A Comparison of Methods Used to Populate Neighborhood-Based Contingency Tables for High-Resolution Forecast Verification

Craig S. Schwartz National Center for Atmospheric Research, Boulder, Colorado

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Abstract

As high-resolution numerical weather prediction models are now commonplace, “neighborhood” verification metrics are regularly employed to evaluate forecast quality. These neighborhood approaches relax the requirement that perfect forecasts must match observations at the grid scale, contrasting traditional point-by-point verification methods. One recently proposed metric, the neighborhood equitable threat score, is calculated from 2 × 2 contingency tables that are populated within a neighborhood framework. However, the literature suggests three subtly different methods of populating neighborhood-based contingency tables. Thus, this work compares and contrasts these three variants and shows they yield statistically significantly different conclusions regarding forecast performance, illustrating that neighborhood-based contingency tables should be constructed carefully and transparently. Furthermore, this paper shows how two of the methods use inconsistent event definitions and suggests a “neighborhood maximum” approach be used to fill neighborhood-based contingency tables.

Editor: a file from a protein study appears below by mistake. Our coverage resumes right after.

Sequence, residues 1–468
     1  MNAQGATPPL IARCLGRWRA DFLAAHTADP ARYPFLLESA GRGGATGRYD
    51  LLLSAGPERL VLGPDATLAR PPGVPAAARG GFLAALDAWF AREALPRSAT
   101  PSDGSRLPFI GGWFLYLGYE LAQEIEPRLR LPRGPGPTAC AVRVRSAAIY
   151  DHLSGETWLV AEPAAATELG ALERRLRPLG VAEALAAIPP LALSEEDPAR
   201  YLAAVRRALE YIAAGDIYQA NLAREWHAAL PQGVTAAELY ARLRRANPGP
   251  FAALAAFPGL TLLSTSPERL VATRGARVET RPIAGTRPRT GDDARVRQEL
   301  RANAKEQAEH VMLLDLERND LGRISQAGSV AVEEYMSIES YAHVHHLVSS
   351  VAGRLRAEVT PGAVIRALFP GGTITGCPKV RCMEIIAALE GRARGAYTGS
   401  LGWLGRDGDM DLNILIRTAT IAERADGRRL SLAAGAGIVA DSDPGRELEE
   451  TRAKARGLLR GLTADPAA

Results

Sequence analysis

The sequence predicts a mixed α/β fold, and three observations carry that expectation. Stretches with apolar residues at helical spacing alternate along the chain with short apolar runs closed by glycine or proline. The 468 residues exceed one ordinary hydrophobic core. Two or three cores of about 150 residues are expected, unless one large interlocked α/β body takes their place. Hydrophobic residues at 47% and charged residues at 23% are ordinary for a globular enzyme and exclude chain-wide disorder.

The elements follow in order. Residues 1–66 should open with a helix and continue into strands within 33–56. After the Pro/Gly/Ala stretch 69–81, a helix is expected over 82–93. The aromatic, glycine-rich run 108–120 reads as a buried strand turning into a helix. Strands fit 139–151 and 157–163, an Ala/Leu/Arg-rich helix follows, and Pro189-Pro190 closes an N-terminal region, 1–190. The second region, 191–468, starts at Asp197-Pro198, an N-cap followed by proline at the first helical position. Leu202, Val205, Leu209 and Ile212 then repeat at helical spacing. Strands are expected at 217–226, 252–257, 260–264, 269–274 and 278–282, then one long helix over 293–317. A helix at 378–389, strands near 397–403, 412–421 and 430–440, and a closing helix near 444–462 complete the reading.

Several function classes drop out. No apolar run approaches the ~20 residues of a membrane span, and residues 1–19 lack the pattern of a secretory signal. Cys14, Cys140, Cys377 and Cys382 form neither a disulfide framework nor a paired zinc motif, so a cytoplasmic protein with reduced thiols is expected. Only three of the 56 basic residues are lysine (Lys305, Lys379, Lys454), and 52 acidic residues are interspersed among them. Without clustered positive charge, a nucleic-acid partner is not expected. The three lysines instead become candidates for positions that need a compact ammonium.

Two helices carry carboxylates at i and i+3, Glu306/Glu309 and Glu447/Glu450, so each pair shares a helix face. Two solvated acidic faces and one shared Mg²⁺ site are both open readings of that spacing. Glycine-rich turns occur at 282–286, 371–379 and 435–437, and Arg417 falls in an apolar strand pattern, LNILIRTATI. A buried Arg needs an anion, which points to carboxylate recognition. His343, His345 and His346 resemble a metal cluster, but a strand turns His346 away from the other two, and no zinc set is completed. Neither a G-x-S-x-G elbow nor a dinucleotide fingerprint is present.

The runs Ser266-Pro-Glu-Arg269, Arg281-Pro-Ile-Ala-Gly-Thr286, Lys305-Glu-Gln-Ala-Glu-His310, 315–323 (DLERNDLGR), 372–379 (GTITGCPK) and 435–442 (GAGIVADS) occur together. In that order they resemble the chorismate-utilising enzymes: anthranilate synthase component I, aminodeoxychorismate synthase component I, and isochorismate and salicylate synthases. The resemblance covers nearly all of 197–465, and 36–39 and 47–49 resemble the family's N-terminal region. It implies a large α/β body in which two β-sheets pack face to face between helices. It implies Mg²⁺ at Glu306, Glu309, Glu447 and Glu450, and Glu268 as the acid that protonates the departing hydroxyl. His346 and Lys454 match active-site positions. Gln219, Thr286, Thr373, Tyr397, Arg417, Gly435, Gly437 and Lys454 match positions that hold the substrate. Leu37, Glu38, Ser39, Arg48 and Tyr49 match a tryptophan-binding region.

The National Center for Atmospheric Research is sponsored by the National Science Foundation.

© 2017 American Meteorological Society. For information regarding reuse of this content and general copyright information, consult the AMS Copyright Policy (www.ametsoc.org/PUBSReuseLicenses).

Corresponding author e-mail: Craig Schwartz, schwartz@ucar.edu

Abstract

As high-resolution numerical weather prediction models are now commonplace, “neighborhood” verification metrics are regularly employed to evaluate forecast quality. These neighborhood approaches relax the requirement that perfect forecasts must match observations at the grid scale, contrasting traditional point-by-point verification methods. One recently proposed metric, the neighborhood equitable threat score, is calculated from 2 × 2 contingency tables that are populated within a neighborhood framework. However, the literature suggests three subtly different methods of populating neighborhood-based contingency tables. Thus, this work compares and contrasts these three variants and shows they yield statistically significantly different conclusions regarding forecast performance, illustrating that neighborhood-based contingency tables should be constructed carefully and transparently. Furthermore, this paper shows how two of the methods use inconsistent event definitions and suggests a “neighborhood maximum” approach be used to fill neighborhood-based contingency tables.

The National Center for Atmospheric Research is sponsored by the National Science Foundation.

© 2017 American Meteorological Society. For information regarding reuse of this content and general copyright information, consult the AMS Copyright Policy (www.ametsoc.org/PUBSReuseLicenses).

Corresponding author e-mail: Craig Schwartz, schwartz@ucar.edu
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